Chances are you'll recognize Alice Fraasa, but you won't be able to figure out from where.
Fraasa, a 19-year-old sophomore at Auburn University, is the face of Snorg Tees, a successful Georgia-based company that sells T-shirts online imprinted with funny, occasionally rude, comments.
Photos of a wide-eyed, laughing Fraasa lure thousands of people daily to Snorg Tees' Internet store, most of them from social networking sites like Facebook and Myspace or other youth-oriented domains where the banner ads are featured.
One click on Alice and potential customers are browsing T-shirts imprinted with phrases like "I'm kind of a big deal" and "Your mom goes to college."
After nearly four years as an anonymous face on the Web, Fraasa is used to getting cockeyed glances of half recognition, the odd looks of people who vaguely recognize her.
"It always happens," said Fraasa. "I'm a familiar face."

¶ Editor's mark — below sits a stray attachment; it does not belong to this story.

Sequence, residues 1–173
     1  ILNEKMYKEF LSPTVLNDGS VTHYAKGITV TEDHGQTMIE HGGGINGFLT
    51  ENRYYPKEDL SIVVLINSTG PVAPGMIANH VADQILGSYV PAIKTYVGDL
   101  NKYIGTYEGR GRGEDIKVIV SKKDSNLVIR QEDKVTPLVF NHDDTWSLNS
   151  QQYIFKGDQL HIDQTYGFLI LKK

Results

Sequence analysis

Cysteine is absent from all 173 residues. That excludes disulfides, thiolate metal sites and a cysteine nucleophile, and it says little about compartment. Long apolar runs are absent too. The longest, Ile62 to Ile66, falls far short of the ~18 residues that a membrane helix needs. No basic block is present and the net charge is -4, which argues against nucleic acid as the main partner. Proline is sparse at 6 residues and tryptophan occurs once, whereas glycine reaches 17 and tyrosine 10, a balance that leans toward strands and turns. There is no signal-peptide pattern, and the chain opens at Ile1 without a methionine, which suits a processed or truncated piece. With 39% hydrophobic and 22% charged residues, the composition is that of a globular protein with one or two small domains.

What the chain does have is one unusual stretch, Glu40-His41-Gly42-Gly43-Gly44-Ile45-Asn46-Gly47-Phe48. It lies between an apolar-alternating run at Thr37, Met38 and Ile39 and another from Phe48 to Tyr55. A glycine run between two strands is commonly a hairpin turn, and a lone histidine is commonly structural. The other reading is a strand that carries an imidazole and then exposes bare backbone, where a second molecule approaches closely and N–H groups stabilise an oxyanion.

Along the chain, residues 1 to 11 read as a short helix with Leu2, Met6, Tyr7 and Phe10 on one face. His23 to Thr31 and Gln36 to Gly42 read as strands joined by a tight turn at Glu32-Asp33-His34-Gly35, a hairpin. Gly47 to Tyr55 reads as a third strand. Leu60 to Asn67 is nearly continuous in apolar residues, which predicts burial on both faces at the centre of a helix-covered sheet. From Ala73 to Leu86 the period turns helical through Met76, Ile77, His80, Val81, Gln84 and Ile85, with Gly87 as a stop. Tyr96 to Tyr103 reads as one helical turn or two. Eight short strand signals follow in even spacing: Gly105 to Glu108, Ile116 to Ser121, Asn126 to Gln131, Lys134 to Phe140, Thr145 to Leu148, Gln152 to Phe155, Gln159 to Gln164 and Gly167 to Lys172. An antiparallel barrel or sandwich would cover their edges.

The brothers who launched the company 3 1/2 years ago credit much of its success to Fraasa, who's paid only in free T-shirts.
"There is something about her that draws people in," said Matt Flynn, co-founder with his brother Bryan. They knew Fraasa through her brother.
A few weirdos have tried to contact her, Fraasa said, but mostly she's been flattered by the attention. Fan groups have even sprung up. She has no training as a model. A tomboy who played sports growing up and loves Harry Potter books, Fraasa is a communications major.
"It just seems like I'm the girl next door, like I'd be easy to date, like I'm attainable," she said, flashing the huge grin from the ads.
Flynn isn't sure what's behind Fraasa's clickability, either. But she's got free T-shirts for life if she'll just keep posing.